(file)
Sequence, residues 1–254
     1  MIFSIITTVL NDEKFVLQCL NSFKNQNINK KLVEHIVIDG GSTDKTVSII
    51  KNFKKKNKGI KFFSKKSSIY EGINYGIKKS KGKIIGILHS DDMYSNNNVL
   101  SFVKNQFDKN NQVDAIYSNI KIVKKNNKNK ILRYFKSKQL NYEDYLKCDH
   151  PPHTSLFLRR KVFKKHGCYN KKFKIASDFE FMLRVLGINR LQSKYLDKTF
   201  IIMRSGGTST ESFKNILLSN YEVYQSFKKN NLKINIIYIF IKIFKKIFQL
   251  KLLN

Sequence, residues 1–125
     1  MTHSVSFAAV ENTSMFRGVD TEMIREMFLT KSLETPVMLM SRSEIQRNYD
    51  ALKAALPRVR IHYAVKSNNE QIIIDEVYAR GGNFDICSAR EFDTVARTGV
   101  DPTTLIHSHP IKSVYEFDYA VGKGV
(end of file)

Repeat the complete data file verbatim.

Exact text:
Sequence, residues 1–254
     1  MIFSIITTVL NDEKFVLQCL NSFKNQNINK KLVEHIVIDG GSTDKTVSII
    51  KNFKKKNKGI KFFSKKSSIY EGINYGIKKS KGKIIGILHS DDMYSNNNVL
   101  SFVKNQFDKN NQVDAIYSNI KIVKKNNKNK ILRYFKSKQL NYEDYLKCDH
   151  PPHTSLFLRR KVFKKHGCYN KKFKIASDFE FMLRVLGINR LQSKYLDKTF
   201  IIMRSGGTST ESFKNILLSN YEVYQSFKKN NLKINIIYIF IKIFKKIFQL
   251  KLLN

Sequence, residues 1–125
     1  MTHSVSFAAV ENTSMFRGVD TEMIREMFLT KSLETPVMLM SRSEIQRNYD
    51  ALKAALPRVR IHYAVKSNNE QIIIDEVYAR GGNFDICSAR EFDTVARTGV
   101  DPTTLIHSHP IKSVYEFDYA VGKGV